Chicken stock is one of the essential ingredients in Chinese cooking. It uses a minimal amount of fresh herbs, such as ginger and scallion, to bring out the flavor of the chicken without adding too much character to the stock. The finished chicken stock has a soothing aroma and a buttery texture.
Cooking chicken stock is a very common practice in Chinese cuisine, and I haven’t done enough of it. No matter whether for chicken noodle soup, wonton soup, or to be added into congee, homemade chicken stock adds a flavor far superior to that of canned stock and is free of additives.
Moreover, homemade chicken stock comes with a layer of chicken fat on top. Chicken fat is extremely useful as a cooking oil. If you ever make seafood tofu stew or Hainanese chicken rice with a spoonful of chicken fat, you will be surprised how a small amount of the grease goes such a long way and can turn a simple dish into a taste of heaven.
Different from a Western style chicken stock, homemade Chinese chicken stock usually uses a whole chicken, instead of a chicken carcass, with a few fresh herbs. The ginger and scallion help eliminate the unpleasant scent of the meat and bring out its flavor without adding too much noise to the stock.
To make stock with a more concentrated flavor, I usually choose a “free range old hen”. The meat of this kind of chicken contains more flavor, though its texture is much tougher than average. It will yield a richer stock and the meat won’t become too washed-out after many hours of simmering.
I used some dried jujubes and American ginseng in the recipe. It’s a Chinese habit to add nutrition-intensive fruits and herbs to chicken stock, which are considered healthy and have immune-boosting effects. If you’ve never used ginseng before, I strongly suggest you check out its benefits and side effects before using. The ginseng and jujubes add some depth to the flavor but don’t overwhelm it. Simply skip these ingredients if you cannot find them.
It might seem a bit daunting to cook a whole chicken, but the truth is, it’s surprisingly easy. I like to cook chicken stock on the weekend and use the broth and chicken meat over the course of the following week. You can use the stock in noodles, soups, stews or stir-fry. As for the leftover chicken meat, you can use it in a sandwich, salad or soup, or throw it into a stir fried dish. Try it once and you will find that it makes your weekday dinners much easier and tastier!
- Thoroughly rinse the chicken with tap water.
- In a large dutch oven (or pot), add chicken and fill 3/4 of the way with water. Add scallion, ginger, jujubes, and ginseng. Cover and bring to a boil over high heat. Uncover and use a ladle to skim the foam from the surface, if any has accumulated. Turn to low heat and simmer, covered, for about 3 hours. If the water level gets so low that the chicken is no longer covered, add 1 to 2 cups boiling water. Do not add water during the final hour of simmering. The broth will have a pale brownish yellow color with a thick layer of oil on top.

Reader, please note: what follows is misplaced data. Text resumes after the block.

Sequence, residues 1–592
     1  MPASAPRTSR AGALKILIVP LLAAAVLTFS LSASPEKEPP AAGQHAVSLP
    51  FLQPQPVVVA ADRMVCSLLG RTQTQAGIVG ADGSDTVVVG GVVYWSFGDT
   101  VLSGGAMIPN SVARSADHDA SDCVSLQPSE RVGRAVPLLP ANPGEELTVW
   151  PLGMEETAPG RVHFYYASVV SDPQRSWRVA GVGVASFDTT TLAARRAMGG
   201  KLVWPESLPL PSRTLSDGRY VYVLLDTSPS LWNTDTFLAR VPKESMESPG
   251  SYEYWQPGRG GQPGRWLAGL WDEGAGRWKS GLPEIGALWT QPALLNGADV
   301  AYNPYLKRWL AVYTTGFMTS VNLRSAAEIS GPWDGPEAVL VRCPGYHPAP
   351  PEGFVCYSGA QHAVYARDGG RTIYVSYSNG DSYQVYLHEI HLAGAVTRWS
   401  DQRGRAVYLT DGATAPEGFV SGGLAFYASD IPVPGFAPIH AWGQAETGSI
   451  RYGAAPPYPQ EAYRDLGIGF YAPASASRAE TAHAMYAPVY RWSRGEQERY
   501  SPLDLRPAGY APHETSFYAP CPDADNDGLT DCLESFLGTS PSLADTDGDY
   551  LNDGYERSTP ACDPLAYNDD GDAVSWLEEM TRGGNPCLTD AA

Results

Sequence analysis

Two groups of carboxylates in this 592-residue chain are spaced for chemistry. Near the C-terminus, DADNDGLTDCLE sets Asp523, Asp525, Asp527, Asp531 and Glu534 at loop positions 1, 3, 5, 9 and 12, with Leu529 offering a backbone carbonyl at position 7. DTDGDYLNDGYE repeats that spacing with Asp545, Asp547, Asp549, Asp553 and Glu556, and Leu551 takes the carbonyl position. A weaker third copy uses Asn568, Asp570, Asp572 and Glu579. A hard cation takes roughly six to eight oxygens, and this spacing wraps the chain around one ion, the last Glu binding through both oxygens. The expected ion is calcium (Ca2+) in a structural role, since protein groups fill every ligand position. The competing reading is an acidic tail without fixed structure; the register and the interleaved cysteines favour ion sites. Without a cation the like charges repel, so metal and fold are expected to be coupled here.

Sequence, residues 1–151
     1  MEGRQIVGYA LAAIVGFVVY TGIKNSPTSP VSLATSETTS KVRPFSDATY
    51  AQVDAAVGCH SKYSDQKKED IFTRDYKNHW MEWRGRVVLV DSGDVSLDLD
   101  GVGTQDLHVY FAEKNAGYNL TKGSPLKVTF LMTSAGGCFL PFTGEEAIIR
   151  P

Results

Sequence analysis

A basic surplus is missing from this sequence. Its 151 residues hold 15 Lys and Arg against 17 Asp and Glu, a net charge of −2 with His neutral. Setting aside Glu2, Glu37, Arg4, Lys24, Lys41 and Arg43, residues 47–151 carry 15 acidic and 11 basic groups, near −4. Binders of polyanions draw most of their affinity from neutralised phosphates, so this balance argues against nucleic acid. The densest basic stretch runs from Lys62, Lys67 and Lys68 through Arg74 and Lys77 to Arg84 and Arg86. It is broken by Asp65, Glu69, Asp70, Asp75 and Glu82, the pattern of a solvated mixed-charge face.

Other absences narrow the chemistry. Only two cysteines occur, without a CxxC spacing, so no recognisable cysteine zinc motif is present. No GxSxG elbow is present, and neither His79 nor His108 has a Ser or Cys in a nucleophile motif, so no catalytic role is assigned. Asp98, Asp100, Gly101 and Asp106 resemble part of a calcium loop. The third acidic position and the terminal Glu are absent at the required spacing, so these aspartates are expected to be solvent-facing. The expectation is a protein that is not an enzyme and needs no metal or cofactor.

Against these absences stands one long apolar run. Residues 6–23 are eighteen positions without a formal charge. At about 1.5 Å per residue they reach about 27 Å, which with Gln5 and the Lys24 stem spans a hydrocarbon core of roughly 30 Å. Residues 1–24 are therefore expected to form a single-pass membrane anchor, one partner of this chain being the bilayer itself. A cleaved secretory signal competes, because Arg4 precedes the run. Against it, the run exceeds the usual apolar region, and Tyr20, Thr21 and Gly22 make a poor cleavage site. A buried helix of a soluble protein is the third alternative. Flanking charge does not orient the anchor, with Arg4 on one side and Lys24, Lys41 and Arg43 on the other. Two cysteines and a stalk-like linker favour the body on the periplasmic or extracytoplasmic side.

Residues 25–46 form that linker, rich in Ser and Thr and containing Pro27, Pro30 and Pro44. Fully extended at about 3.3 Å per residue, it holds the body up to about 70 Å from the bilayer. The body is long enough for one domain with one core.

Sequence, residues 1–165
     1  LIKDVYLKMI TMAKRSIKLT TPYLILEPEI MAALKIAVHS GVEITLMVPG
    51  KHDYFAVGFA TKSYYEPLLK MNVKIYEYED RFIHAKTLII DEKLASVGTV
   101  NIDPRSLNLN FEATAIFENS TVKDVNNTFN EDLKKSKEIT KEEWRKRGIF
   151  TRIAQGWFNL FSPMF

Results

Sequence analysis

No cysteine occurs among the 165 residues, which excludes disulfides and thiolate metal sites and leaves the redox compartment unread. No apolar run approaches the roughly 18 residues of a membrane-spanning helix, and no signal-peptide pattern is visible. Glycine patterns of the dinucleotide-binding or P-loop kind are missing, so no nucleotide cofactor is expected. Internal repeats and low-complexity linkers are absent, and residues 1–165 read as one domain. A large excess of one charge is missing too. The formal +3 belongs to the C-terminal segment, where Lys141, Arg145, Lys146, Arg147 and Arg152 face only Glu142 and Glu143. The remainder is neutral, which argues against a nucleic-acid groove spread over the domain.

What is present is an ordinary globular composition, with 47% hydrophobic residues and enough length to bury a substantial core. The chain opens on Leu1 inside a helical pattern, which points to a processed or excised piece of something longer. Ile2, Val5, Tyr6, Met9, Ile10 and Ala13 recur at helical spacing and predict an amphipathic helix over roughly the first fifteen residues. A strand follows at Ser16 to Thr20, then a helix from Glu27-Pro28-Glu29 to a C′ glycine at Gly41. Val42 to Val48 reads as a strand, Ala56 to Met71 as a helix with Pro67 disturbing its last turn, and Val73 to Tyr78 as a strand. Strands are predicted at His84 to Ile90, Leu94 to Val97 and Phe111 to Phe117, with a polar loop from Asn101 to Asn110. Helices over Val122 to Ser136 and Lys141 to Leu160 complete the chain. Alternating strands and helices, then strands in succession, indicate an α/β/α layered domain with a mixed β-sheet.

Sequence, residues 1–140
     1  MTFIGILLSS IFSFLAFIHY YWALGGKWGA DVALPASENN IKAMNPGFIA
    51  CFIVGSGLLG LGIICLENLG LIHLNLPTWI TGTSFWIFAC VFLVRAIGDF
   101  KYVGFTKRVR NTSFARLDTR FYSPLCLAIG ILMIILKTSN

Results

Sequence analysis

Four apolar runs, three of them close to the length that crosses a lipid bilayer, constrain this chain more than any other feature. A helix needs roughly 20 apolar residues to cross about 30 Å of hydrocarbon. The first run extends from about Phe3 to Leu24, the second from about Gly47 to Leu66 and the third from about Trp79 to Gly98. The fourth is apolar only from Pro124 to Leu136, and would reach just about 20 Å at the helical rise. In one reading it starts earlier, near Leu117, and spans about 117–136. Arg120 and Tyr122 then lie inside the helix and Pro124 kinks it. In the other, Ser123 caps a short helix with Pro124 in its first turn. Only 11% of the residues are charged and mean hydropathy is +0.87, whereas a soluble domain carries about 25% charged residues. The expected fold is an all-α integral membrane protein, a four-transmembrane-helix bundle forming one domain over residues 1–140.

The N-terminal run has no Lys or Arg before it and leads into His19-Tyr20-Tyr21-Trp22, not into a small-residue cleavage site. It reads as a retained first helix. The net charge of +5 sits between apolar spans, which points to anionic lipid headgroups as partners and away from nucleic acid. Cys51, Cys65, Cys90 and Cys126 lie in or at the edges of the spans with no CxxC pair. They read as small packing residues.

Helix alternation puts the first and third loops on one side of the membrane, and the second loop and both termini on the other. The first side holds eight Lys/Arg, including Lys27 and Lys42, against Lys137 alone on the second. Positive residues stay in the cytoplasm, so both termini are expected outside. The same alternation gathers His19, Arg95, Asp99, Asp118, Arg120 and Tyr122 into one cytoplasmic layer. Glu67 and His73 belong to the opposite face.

- When the stock is done, transfer chicken to a working surface to cool down. Use a mesh ladle or slotted spoon to scoop out the spices, and discard them.
- You can use the stock immediately or store it.
- After the chicken has cooled enough to handle, separate the meat from the bones with a knife or by hand. You can use the chicken in soups or stir fried dishes.
- *Tip - To use the chicken meat: Season with salt and pepper. Coat with a thin layer of all-purpose flour. Grill in a greased skillet until crispy.
- Transfer the broth to an air-tight container and allow to cool, uncovered. Do not skim the oil from the top. The oil will protect the broth from bacteria when cooling off. It also adds great flavor to dishes, whether used along with the broth or as a cooking oil. You can easily remove the solid fat when the broth has cooled down completely. Store the broth in the fridge for 2 to 3 days, or in the freezer for up to 3 months. The fat can be used to cook Hainanese chicken rice or stir fry dishes.
This recipe employs basic Chinese ingredients and preparation methods. If this is your first time using one of my recipes, I strongly recommend you spend a few minutes browsing the essential spices for Chinese cooking on the pantry page. The page includes tips on how to select the most basic spices for Chinese cooking, as well as on measurement and preparation of fresh herbs. They are key to successfully cooking authentic Chinese dishes.
The nutrition facts will vary depending on the concentration of the stock. Please refer to this page for a general nutrition facts for homemade chicken stock.